Dave and I recently cleaned out our garage (I’ll be sharing more on this later in the week) AND purged our closet of anything and everything we don’t need, use, want or love.
I also did a once-over of all our toys and games in preparation for the summer months when we are outside significantly more than during the school year. We moved some of the toys outside (they will eventually be trashed next fall) and I moved a few more toys down to our “basement holding area” so they are out-of-sight for now, and can be brought out again on a rainy day!
I suppose it’s not a secret that I enjoy organizing and purging various spaces in my home in an ongoing effort to simplify and remove clutter from my life.
In general, I would say that purging is probably a bit easier for me because I’m not as emotionally attached to things as I know so many people are; but also because I’ve been purging on a regular basis for years and years and years. I have successfully turned purging into a habit, which makes it feel so much less overwhelming because it’s something I do very regularly.
Not only do I enjoy the end results of a neat, cleaner, more organized home, I also truly do enjoy the process of decluttering and the feeling I get when I drop my cast-offs at our local donation center!
I’m often asked if I have a “method” for purging or a pattern that I follow each time.
My initial reaction was “No, I just do it all the time!”, however, after thinking about it over the past few months, I realized that while I do constantly evaluate the “stuff” in my life, I also have a mental list of questions I ask myself whenever I’m considering whether or not I should purge something..
First off, I ask a couple “big picture questions”…
1. If I was moving, would I want to box it up and take it with me?
This is the first question I like to start off with because it is pretty general and broad — but it gives a really good perspective on the items in question.
I’ve only moved once (I don’t count college life) and it was a huge pain — even without kids and without tons of extra stuff. I honestly can’t even imagine moving now with little kids and all the extra stuff we have.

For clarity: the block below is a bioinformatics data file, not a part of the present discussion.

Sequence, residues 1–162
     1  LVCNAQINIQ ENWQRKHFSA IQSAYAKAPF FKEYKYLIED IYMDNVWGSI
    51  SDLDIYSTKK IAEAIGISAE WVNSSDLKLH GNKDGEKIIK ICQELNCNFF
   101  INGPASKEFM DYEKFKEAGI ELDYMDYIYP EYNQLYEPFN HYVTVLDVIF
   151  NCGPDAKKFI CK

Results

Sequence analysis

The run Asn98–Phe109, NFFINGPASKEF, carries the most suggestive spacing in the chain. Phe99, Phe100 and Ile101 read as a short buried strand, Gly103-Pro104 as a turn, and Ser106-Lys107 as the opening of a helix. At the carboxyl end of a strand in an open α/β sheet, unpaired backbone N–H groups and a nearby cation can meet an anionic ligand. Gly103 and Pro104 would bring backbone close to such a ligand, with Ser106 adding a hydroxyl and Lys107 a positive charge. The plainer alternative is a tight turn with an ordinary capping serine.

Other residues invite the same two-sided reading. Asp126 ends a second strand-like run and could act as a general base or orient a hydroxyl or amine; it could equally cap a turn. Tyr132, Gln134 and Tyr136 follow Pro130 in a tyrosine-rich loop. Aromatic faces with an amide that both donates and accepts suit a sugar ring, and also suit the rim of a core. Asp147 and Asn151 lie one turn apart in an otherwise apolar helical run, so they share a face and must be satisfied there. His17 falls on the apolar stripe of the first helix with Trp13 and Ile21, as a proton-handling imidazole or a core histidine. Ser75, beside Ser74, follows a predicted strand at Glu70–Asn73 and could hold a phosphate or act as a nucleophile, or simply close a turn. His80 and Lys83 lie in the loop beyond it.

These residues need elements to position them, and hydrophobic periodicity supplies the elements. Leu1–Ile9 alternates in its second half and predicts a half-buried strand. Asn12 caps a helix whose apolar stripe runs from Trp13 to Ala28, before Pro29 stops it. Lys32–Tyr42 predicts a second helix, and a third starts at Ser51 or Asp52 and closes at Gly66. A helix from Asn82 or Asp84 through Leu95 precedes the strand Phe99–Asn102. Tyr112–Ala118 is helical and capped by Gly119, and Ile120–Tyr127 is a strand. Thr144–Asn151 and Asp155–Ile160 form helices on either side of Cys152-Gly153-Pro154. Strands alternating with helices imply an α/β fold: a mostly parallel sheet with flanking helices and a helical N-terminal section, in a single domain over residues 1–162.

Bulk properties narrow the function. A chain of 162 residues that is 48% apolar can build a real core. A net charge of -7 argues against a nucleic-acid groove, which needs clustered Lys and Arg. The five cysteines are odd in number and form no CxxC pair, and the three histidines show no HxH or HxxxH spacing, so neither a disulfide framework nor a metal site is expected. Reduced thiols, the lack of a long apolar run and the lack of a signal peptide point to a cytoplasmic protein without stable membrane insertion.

Just the thought of moving makes me want to purge half of what we have! 🙂
If I don’t think I’d be willing to pack up a particular item if we moved, then I know it’s probably safe for me to purge it now.
2. If our house burned down, would I be sad if this item were lost/ruined?
Thankfully, I have no experience with house fires. However, I know plenty of people who have completely lost their homes to fires or floods and it’s always interesting to hear them talk about the items they really miss from their old homes.
Rarely do they miss their extra slow cooker, their 57 cookbooks, or their closet full of extra towels and sheets… and if we’re honest when we answer this question, there are probably MANY things in our home we wouldn’t even notice were gone.
While I hope you and I never have to live through a house fire, this question is an eye-opening way to help evaluate what we really need, want, use, and love — and what we could purge.
If you can’t answer yes to either of the questions above, chances are you’re safe to purge that particular item. However, if you’re still not convinced, here are 3 more questions I like to ask myself.
3. Could I potentially make-do with another item I use more frequently?
There are so many items in our home that could be used in multiple different ways to eliminate the need for additional items.
For example, we have a toy box in our playroom upstairs that we moved in front of the stairs to serve as a baby gate every time we had new walkers or new crawlers — meaning we never needed a baby gate.
I have also drastically pared down my kitchen small appliances because I realized I could make do with similar items. I purged my counter top blender and primarily use my handheld immersion blender for small to medium tasks or our food processor for larger tasks. We use our trusty old George Foreman grill in place of a quesadilla maker and a panini maker, and I use my 2 cast iron pans for almost all my stove-top cooking needs.